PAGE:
The simplicity with which we have laid out the features of a managed investment scheme above is deceptive.  In practice, there is often significant complexity in determining whether each element of the definition is made out.  Whether or not something is a management investment scheme can pivot on a single element and, thus, understanding this complexity is crucial.  This is not an area suitable for “DIY”.  You will need to obtain legal advice to be sure that the definition of “managed investment scheme” has been applied correctly to your situation.

Registered vs unregistered managed investment scheme

Once you have established that your venture or investment is a managed investment scheme, you will need to work out whether an interest in it is a financial product and, if so, whether the scheme requires registration with ASIC.

An interest in a managed investment scheme is a financial product unless specifically excluded (see below).

Under the Act,[iv] a managed investment scheme (where interests in it are financial products) must be registered if:

  • it has more than 20 members; or
  • it was promoted by a person, or an associate of a person, who was, when the scheme was promoted, in the business of promoting managed investment schemes; or
  • a determination [is in force under which ASIC has determined that a number of managed investment schemes are closely related and must be registered when the total number of investors across all the scheme exceeds 20].

Case law generally indicates that a person promoting a single scheme with fewer than 20 members will not be regarded as being “in the business of promoting managed investment schemes”.[v]

Note that if all of (a), (b) and (c) are not met then interests in the managed investment scheme are not financial products at all.[vi]  This is why family trusts will not usually be regulated by ASIC even though they are, technically, managed investment schemes.

It is important to note that the need for registration set out above is overridden if:

all of the issues of interests in the scheme that have been made would not have required the giving of a Product Disclosure Statement under Division 2 of Part 7.9 if the scheme had been registered when the issues were made.

The key two situations in which a Product Disclosure Statement (“PDS”) will not be required are where:

  • all the members of the scheme are wholesale clients; or
  • the issuer of the interests in the managed investment scheme issues financial products to no more than 20 people in any 12-month period and raises no more than $2 million from issuing financial products in any 12-month period.[vii]

If the managed investment scheme meets either of these criteria, it does not need to be registered, regardless of whether it meets (a), (b) or (c) above.  If you were wondering “What is an unregistered managed investment scheme?”, then this is it.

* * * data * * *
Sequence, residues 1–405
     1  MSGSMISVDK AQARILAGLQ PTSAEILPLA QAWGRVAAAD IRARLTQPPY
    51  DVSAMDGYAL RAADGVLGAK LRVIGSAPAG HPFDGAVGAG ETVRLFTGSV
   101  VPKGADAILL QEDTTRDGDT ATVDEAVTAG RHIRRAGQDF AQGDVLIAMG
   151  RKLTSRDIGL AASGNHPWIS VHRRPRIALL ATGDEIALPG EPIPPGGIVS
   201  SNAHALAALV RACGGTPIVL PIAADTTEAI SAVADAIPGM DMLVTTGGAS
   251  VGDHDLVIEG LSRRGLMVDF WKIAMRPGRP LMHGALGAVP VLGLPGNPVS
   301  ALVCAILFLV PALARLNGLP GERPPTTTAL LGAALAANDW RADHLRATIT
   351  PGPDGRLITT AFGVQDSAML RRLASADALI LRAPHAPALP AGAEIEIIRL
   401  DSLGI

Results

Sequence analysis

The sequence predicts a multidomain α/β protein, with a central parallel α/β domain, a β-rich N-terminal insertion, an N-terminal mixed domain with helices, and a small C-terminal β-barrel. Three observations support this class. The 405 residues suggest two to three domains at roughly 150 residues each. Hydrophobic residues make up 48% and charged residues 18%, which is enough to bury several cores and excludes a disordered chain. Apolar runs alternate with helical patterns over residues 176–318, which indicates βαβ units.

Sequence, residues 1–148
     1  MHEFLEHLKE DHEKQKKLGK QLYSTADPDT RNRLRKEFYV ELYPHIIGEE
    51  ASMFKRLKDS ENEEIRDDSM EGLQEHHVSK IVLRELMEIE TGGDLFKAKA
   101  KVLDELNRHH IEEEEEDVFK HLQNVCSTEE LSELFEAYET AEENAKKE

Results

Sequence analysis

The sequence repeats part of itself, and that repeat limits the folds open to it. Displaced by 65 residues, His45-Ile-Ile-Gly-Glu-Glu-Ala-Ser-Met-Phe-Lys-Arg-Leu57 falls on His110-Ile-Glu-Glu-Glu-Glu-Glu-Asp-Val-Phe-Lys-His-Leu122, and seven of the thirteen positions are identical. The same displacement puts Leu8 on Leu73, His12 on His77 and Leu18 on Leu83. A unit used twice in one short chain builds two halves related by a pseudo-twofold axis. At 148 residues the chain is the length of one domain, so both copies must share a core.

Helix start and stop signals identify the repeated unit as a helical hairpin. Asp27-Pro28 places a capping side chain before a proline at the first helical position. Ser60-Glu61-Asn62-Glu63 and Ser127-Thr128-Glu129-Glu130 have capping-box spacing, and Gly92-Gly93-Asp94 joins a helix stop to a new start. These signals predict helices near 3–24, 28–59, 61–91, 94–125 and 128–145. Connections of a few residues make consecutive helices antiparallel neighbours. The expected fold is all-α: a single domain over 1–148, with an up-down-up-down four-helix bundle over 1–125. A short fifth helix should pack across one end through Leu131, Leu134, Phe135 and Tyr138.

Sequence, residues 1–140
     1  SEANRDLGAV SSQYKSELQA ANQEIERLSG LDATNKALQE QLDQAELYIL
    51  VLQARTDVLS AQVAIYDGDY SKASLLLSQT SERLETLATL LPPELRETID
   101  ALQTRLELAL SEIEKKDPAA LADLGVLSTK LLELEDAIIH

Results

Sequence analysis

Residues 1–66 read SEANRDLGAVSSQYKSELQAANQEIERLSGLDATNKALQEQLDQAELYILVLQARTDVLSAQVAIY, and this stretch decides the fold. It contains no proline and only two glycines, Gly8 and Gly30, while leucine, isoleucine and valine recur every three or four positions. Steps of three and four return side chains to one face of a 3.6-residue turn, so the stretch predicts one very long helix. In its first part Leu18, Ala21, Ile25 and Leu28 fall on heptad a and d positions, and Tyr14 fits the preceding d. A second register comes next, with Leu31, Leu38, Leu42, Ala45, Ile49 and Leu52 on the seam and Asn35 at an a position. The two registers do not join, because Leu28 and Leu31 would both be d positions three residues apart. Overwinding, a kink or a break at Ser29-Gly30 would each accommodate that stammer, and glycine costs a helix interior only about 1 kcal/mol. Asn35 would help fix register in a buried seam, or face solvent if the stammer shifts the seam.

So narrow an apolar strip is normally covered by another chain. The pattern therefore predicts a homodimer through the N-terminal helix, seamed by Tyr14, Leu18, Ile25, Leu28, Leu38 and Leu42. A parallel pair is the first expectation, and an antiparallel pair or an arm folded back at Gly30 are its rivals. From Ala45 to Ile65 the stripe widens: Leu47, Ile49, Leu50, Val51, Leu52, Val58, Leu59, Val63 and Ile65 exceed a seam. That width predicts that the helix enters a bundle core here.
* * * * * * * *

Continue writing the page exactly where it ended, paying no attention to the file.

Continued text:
Situations in which a person may be treated as a wholesale client are set out in the Act.  Common examples include where:

  • the person provides an accountant’s certificate stating that they hold net assets of at least $2.5 million or gross income for each of the last two financial years of at least $250,000; or
  • the value of the investment is at least $500,000.

For a detailed explanation of the wholesale client tests, see the following article by Holley Nethercote Partner, David Court: Retail vs Wholesale Clients – Regulatory Concerns and Responses.

A managed investment scheme that is not registered by virtue of the fact that all its members are wholesale clients, is often called a “wholesale managed investment scheme”.

Again, it is easy to underestimate the scope for complexity here.  Considerations like whether a person is “in the business of promoting managed investment schemes”, or the number of people to whom financial products are issued and the funds raised as a result, require careful legal expertise.  It is important to get this analysis right so that the managed investment scheme and its associated activities and governance framework can be set up in compliance with the law.

If you’re seeking more information on MIS generally, watch this expert interview on establishing an MIS.  If you’re seeking specific advice about your MIS, book a consultation to speak to one of our experts.

Author: Samantha Hills (Partner)

This article was published in the Financial Standard – Understanding managed investment schemes: Licensing and registration.

[i] Section 9.

[ii] Australian Securities and Investments Commission v Takaran Pty Ltd

(2002) 170 FLR 388; 43 ACSR 46; [2002] NSWSC 8343 at [15].

[iii] Second Reading Speech to the Managed Investment Bill 1997.

[iv] Section 601ED.

[v] ASC v Stephen Su [1995] SASC 5061.

[vi] Section 765A.

[vii] Section 1012E.